Experiments were performed using mice (Mus musculus). Mice were handled in accordance with the CNIC Ethics Committee, Spanish laws, and the EU Directive 2010/63/EU for the use of animals in research. All mouse experiments were approved by the CNIC and Universidad Autónoma de Madrid Committees for “Ética y Bienestar Animal” and the area of “Protección Animal” of the Community of Madrid. The targeting vector used to introduce loxP sites flanking Meis2 exon 3 was generated by GeneBridges following these steps: (1) insertion of a loxP-flanked neoR cassette into BAC bQM241K9 by Red/ET recombination; (2) subcloning of a 17 kb BAC fragment into minimal vector pMV and subsequent Cre recombination to obtain a single loxP site; (3) insertion of a loxP-FRT-PGK-gb2-neo-FRT cassette into a second location in the sub-cloned DNA. The targeting vector was SalI-released from the backbone and electroporated into ES cells. ES cell clones were screened by Southern blot. Chimeras were generated by ES cell aggregation. The neomycin resistance cassette was eliminated with a Flpe deleter strain69. Mice were subsequently genotyped by PCR. All primer sequences for genotyping, qPCR, and CRISPR/Cas deletions are shown in Supplementary data 5.
HoxB6CreER mice were as previously described41. Meis1flox mice (Meis1tm2Ngc)70 were generated by Kenneth Humphries (Terry Fox Laboratory, Vancouver) and kindly provided by Dr. Hesham Sadek (UTSW, Dallas).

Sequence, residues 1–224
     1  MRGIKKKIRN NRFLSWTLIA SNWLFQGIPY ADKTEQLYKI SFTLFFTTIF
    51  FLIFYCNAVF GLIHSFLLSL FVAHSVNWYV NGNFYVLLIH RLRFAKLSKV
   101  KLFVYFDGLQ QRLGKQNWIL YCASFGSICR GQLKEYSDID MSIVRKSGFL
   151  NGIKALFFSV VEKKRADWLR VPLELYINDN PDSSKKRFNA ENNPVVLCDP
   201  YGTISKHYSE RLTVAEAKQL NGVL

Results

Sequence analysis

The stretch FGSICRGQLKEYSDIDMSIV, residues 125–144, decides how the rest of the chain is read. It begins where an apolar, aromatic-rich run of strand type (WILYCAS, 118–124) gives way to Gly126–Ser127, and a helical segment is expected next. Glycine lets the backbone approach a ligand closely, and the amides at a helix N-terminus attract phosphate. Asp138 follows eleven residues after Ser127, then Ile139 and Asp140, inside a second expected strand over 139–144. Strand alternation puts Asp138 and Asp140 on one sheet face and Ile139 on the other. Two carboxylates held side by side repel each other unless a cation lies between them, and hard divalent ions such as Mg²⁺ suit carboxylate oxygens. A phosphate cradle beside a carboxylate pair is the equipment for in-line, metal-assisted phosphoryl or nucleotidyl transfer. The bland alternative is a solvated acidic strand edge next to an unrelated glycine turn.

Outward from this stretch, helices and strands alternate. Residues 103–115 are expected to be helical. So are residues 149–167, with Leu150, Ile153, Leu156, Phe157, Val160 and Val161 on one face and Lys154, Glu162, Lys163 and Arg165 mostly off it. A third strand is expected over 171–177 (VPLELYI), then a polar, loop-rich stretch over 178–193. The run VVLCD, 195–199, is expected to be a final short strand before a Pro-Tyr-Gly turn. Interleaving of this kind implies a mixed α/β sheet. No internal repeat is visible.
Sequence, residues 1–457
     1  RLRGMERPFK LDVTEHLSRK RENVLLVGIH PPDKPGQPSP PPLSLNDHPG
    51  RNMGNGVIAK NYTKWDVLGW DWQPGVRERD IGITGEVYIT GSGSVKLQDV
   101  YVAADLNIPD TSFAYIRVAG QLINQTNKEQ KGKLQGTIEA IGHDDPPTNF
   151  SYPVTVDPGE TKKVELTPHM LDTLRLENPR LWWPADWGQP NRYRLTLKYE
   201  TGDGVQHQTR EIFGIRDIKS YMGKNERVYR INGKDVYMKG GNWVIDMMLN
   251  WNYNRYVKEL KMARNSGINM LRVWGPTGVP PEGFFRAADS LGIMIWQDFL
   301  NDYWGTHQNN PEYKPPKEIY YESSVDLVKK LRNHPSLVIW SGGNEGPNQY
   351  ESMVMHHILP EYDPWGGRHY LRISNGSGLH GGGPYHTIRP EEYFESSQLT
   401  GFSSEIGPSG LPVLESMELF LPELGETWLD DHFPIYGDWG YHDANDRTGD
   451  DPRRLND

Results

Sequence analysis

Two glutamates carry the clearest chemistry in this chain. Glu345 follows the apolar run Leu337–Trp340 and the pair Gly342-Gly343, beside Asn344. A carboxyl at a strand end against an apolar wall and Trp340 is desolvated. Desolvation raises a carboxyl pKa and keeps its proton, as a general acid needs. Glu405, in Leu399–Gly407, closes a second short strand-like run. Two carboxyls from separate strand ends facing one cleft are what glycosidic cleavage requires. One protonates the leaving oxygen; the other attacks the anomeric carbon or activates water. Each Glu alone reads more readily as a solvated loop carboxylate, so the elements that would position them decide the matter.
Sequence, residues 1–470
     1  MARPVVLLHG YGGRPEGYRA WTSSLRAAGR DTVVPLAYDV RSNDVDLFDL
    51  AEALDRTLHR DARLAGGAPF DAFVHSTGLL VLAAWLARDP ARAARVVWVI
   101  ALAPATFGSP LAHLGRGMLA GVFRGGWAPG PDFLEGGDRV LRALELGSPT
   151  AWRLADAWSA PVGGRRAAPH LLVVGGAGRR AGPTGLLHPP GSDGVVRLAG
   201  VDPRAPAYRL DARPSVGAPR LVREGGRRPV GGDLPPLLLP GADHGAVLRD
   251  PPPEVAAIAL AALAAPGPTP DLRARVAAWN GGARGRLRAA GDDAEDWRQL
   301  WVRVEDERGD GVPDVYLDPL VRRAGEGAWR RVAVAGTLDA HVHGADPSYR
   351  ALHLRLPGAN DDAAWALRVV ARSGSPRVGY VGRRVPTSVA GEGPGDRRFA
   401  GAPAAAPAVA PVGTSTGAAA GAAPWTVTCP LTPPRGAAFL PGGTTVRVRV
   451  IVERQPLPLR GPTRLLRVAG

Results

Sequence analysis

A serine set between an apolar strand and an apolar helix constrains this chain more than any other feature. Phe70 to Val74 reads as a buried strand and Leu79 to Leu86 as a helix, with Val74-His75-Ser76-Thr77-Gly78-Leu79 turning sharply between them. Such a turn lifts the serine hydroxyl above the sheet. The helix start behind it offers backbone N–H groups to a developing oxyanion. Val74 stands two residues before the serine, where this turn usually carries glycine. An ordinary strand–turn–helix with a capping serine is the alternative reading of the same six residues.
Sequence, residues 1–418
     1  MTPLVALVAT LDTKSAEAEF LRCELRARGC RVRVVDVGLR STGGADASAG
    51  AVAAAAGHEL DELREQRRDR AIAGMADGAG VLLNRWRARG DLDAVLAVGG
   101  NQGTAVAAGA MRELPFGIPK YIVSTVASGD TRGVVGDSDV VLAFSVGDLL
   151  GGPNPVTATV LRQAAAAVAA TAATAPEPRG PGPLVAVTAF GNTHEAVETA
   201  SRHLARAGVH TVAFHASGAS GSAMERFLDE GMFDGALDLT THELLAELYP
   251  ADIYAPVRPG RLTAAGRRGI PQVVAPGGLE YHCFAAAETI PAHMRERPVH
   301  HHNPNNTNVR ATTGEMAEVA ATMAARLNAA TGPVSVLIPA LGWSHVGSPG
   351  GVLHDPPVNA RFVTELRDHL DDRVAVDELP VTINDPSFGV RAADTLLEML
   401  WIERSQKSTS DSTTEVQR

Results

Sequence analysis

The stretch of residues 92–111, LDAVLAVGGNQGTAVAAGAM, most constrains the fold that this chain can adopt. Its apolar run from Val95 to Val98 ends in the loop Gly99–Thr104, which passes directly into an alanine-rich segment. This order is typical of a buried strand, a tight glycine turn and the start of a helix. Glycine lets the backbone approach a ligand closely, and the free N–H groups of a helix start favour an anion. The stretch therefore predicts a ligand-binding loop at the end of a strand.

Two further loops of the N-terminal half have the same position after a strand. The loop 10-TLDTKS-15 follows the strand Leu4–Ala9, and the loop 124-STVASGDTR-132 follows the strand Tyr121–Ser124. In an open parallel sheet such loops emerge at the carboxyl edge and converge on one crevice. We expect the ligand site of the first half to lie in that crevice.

4-hydroxy-tamoxifen (4HT) (Sigma) was dissolved in corn oil (5 mg/ml) and injected intraperitoneally (0.8 mg single dose) at E8.5.
In situ hybridization
Whole-mount in situ hybridization was performed according to standard protocols71. Samples were fixed in 4%PFA, dehydrated in methanol, rehydrated, then a bleaching step (30 min with 6% H2O2) before proteinase K (PK) treatment. Samples were then hybridized with the probe overnight. After SSC-CHAPs and TBST wash samples were developed with BM purple (Roche).
Victoria Blue staining was performed following standard procedures72. Embryos were eviscerated and fixed in 10% formaldehyde overnight and then washed in acid alcohol (3% HCl in 70% ethanol) several times. Embryos were stained for 3 h with 0.5% w/v Victoria Blue (Sigma) in acid alcohol and after staining embryos were washed in acid alcohol until the embryos were white, then they were washed in 70% ethanol and 95% ethanol. Finally, embryos were clarified with increasing concentrations of methyl salicylate in ethanol (30%, 50%) and stored in 100% methyl salicylate.